These days, those who have completely given up on life drive minivans. For those who have completely given up on life but still want to feel cool, there are SUVs. Sure, hauling lots of people and cargo both safely and securely is serious business, but today’s tools flat out suck compared to the tools of decades past. Unlike anything on the road today, David Henriksen’s 1972 Dodge Monaco wagon can haul nine passengers up 10,000-foot mountain peaks, traverse unforgiving off-road trails, hit 150 mph on the highway, and cruise 600 miles between fill-ups despite packing 493 ci of big-block Mopar under the hood. It’s been getting the job done for 270,000 miles, too. Unless you can get Scotty to beam you up to your favorite travel destination, this beastly wagon hauls people and cargo better than any device known to man.
Not long after Chrysler invented the minivan segment in the mid-’80s, the public decided that they didn’t like wagons anymore. It marked a sad day in automotive history for hot rodders, as the wagon’s demise meant that hauling kids and cargo with any semblance of dignity or excitement was merely a distant memory. While hot rodders are often ridiculed for thinking everything from back in the day was better, they have a legitimate argument when it comes to the wagon. Since many were based on their mid and fullsize muscle car counterparts, dad could order up a wagon with a big-block, manual trans, and a heavy-duty rearend while mom patted him on the back for buying a sensible family car.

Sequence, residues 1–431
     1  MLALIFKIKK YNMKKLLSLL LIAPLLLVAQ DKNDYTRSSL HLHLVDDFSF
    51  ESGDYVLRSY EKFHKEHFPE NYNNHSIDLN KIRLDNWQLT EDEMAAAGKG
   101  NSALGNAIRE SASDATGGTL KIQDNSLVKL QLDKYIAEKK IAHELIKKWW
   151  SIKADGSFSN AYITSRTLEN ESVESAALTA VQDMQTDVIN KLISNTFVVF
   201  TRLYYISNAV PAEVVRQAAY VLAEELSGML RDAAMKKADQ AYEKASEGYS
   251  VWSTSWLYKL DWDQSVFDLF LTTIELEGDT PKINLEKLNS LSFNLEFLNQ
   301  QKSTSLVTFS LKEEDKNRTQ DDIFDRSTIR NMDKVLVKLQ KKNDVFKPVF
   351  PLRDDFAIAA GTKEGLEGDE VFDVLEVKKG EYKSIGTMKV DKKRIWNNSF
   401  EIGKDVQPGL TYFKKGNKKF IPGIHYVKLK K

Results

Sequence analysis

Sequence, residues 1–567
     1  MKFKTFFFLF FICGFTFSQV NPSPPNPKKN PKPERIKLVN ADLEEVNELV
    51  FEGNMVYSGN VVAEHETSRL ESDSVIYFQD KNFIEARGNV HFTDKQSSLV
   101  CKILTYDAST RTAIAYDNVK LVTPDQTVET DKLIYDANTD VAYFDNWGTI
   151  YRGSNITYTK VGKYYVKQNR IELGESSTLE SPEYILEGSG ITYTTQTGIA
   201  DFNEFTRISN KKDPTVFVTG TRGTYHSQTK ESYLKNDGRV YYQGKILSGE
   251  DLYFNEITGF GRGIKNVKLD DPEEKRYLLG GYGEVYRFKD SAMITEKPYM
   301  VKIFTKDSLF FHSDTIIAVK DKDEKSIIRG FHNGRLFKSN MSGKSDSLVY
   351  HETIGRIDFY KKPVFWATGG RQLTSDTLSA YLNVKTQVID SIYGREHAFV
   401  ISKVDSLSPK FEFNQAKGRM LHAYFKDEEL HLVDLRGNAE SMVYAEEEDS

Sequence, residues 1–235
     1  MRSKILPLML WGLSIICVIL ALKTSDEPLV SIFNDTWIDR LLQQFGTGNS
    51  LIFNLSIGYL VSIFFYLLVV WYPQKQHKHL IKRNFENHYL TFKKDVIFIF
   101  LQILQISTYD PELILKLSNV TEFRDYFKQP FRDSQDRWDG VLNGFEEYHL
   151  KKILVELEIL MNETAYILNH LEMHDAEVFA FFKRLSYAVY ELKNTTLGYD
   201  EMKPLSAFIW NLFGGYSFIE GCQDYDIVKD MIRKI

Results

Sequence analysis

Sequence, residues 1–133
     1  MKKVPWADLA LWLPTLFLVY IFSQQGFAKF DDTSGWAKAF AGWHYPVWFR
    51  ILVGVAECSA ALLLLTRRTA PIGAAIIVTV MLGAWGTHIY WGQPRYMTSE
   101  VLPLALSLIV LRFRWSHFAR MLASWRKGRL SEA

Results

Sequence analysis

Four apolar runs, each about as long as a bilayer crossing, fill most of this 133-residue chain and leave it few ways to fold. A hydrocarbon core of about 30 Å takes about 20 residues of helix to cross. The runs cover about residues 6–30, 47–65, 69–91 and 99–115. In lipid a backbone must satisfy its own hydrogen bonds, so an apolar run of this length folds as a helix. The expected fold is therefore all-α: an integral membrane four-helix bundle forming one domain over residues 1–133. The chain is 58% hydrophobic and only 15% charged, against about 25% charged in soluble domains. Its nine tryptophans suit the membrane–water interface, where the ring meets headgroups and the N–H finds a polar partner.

“With a sticker price of over $7,500, it was actually the most expensive car that Dodge produced at the time,” —David Henriksen
Recognizing the virtues of these machines when they were still available to the public, David locked in on the perfect people mover in 1977. “I worked at a Dodge dealership in 1972, and I always liked the looks of the Monaco wagon. With a sticker price of over $7,500, it was actually the most expensive car that Dodge produced at the time,” David recalls. “In 1977, my wife and I needed a family car, so I picked up a ’72 Monaco wagon for $1,300. When people bought wagons back then, they used them for a purpose, so it had already been used very hard over 70,000 miles. It had dings and dents, the woodgrain was bleached out, and there was a bulge in the floorboard I had to jump on to flatten it back out.”
Addressing the cosmetics would have to wait for some other day, as fortifying the Monaco for high-elevation duty was the top priority. “It gets so hot here in Phoenix that we used to drive up to the mountains each summer to escape the heat. We loaded up the wagon and dragged a tent trailer behind it five times each summer over the course of 10 years,” David recollects. While the big 440 had no problem pulling the kids and cargo through the thin 10,000-foot air, the rough roads eventually took a toll on the chassis.